John Isner has won his second Heineken Open, beating Yen-Hsun Lu in straight sets at Stanley St this afternoon.
As he has for much of the tournament, the American made use of his powerful serve and proficiency in tie-breaks to take the trophy.
Both sets ended in breakers as Isner played to his strengths, taking the title on his third match point to triumph 7-6 (4) 7-6 (7).
"To say this was unexpected coming into this tournament would be a huge understatement,'' Isner said. "I did not expect this at all, given my [ankle injury].
"And sometimes that's how things work out - when you come into things with low expectations, the pressure's off you and things tend to work out.''
He may not have thought so but the 2010 champion appeared on paper to be favourite against Lu, who this week reached his first career semifinal. But the Taiwanese player wasn't to be underestimated, having dispatched four-time champion David Ferrer in yesterday's final four.
Isner advanced with a three-set win over Roberto Bautista Agut and the world No 14 controlled proceedings this afternoon, leaning heavily on a serve which has kept him out of trouble all week.
The third seed smashed 23 aces and won 74 per cent of points on his first serve, ceding just one break point in his first service game before never again being threatened.
"I thought it was my best performance all week,'' Isner said. "I was very happy with how I played. Apart from all the break points missed, I was extremely happy with everything.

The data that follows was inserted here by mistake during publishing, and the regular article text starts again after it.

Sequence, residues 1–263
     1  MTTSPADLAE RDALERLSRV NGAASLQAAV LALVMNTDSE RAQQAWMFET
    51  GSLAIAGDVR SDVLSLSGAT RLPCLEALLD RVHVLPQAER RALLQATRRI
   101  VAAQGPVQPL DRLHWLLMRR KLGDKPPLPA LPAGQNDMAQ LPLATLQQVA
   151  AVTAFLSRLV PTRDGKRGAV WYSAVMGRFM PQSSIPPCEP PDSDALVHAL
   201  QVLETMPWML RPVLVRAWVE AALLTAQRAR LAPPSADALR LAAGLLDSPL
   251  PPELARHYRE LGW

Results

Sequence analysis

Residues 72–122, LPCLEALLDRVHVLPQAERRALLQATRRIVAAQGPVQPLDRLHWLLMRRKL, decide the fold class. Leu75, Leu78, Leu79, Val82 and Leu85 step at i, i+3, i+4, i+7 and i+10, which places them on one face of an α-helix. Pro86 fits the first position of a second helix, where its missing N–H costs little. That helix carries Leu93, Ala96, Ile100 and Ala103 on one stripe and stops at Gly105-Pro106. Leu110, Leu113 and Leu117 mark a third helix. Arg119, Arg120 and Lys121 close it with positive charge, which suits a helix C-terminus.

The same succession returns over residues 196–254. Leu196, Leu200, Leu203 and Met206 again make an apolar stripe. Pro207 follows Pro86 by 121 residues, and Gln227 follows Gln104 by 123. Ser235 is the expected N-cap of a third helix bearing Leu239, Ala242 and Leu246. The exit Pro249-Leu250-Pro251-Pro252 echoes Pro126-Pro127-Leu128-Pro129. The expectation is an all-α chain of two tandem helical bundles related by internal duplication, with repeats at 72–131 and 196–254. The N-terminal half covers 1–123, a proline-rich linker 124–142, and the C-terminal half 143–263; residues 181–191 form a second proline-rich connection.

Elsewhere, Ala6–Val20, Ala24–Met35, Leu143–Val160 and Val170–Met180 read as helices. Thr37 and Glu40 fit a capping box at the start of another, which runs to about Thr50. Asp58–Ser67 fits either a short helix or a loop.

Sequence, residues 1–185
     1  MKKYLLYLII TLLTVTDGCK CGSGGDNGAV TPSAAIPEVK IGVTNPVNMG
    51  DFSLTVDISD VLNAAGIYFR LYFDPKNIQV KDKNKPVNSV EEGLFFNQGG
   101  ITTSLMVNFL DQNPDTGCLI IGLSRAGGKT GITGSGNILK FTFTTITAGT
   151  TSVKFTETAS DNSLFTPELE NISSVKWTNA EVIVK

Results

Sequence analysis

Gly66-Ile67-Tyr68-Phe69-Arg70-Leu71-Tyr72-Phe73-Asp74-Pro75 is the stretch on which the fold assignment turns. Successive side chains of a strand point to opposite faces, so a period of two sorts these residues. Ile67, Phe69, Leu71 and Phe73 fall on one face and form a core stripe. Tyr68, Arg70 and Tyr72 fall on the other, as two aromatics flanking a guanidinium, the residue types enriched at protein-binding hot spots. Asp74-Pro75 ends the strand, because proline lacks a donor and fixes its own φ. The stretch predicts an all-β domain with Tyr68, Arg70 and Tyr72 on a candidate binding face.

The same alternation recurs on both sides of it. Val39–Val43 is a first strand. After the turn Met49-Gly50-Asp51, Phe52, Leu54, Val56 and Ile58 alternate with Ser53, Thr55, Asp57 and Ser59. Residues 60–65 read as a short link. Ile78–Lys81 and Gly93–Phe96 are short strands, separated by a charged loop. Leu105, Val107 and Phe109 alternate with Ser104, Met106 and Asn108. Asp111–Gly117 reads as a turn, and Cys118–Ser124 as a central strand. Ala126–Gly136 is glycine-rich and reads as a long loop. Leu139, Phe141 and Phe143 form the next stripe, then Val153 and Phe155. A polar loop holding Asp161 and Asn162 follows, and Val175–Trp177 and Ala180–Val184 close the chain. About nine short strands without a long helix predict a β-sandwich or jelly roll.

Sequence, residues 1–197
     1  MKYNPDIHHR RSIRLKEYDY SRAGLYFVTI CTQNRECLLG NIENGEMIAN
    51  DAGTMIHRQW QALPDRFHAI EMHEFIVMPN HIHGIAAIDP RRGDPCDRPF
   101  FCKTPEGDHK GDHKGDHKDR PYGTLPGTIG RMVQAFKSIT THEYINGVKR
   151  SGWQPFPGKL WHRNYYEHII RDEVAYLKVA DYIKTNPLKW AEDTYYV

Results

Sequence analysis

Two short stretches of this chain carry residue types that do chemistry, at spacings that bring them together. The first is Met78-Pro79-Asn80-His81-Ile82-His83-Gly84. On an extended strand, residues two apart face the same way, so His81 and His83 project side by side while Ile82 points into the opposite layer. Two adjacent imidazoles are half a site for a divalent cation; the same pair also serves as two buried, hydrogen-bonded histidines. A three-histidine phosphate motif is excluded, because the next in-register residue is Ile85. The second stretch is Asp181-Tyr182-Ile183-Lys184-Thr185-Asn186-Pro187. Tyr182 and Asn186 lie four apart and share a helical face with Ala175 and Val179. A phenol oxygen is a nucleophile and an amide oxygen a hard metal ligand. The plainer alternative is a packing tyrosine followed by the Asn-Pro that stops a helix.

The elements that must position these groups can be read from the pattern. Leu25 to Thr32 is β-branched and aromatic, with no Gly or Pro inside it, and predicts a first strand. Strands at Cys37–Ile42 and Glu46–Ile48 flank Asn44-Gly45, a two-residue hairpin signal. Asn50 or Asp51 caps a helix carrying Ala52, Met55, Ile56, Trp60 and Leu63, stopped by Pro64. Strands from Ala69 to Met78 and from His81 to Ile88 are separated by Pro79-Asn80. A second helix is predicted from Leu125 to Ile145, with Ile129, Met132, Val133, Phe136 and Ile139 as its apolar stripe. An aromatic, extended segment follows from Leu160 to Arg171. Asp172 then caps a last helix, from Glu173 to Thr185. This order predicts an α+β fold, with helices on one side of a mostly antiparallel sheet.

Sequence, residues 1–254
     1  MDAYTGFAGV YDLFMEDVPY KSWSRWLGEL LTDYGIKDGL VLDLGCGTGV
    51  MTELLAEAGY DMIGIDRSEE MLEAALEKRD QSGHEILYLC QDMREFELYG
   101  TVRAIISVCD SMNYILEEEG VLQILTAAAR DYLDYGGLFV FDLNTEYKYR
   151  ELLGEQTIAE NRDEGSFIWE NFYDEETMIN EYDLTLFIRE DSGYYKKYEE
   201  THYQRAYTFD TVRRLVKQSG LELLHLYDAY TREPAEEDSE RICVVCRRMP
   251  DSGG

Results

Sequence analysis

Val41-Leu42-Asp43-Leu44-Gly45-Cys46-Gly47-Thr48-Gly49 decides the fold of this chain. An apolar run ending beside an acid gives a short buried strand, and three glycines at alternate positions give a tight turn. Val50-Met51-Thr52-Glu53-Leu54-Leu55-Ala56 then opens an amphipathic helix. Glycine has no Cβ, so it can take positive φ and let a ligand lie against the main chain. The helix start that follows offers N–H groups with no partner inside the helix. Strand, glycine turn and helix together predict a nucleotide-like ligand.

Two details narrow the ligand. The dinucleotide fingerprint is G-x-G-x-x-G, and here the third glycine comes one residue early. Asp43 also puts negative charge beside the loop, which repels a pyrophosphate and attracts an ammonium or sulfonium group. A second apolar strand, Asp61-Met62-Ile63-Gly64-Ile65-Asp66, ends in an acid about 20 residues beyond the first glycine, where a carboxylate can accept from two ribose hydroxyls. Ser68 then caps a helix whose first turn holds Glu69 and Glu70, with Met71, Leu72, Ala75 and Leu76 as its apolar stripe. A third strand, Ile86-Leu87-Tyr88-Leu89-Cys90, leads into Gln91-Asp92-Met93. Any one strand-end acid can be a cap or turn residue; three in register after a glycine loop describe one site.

"I felt like I was hitting the ball the best I've hit it all week.''
Lu rode his luck in saving 10 break points and two match points but Isner's unrelenting serve, which Lu later called the best in world tennis, eventually proved too tough an obstacle to overcame.
"His was just serving incredibly,'' the world No 62 said. "I couldn't read his serve. Even sometimes I guessed right but, with the speed, I couldn't really get the ball back.
"I was pushing to get one break point but he's the No 14 in the world and it's the main weapon for him.''
The fans on centre court have become accustomed to watching Isner playing tie-breaks during the last week, so it was of little surprise that was exactly what was required to decide the first set.
After Lu had one break point in Isner's opening service game, the towering American settled into his work and was rarely troubled. The third seed brought up three break points of his own early in the set but, unable to convert any, he settled for the breaker.
Not that Isner would have particularly minded - in 2013 he played the most (56) and won the most (38) tie-breaks on the ATP Tour. And his record soon showed, getting the mini-break he needed from Lu's first serve and holding on to take the first set.
Lu was immediately in trouble to begin the second with Isner, who held in his first service game, bringing up three break points. But Lu saved them all and went on to win the game with an ace of his own.
The Taiwanese player continued to walk a tightrope in the sixth game of the second, again coming back from 0-40 to keep the match on serve.
That's the way it stayed in the set, setting up another tie-break and giving Isner a golden opportunity to take the title. And the American needed no second invitation, coming back from a mini-break down and taking advantage of a double-fault from Lu to win the match.
"I wish it didn't have to be so close at the end,'' Isner said. "It gives me a lot of grey hairs. But I'm so happy.''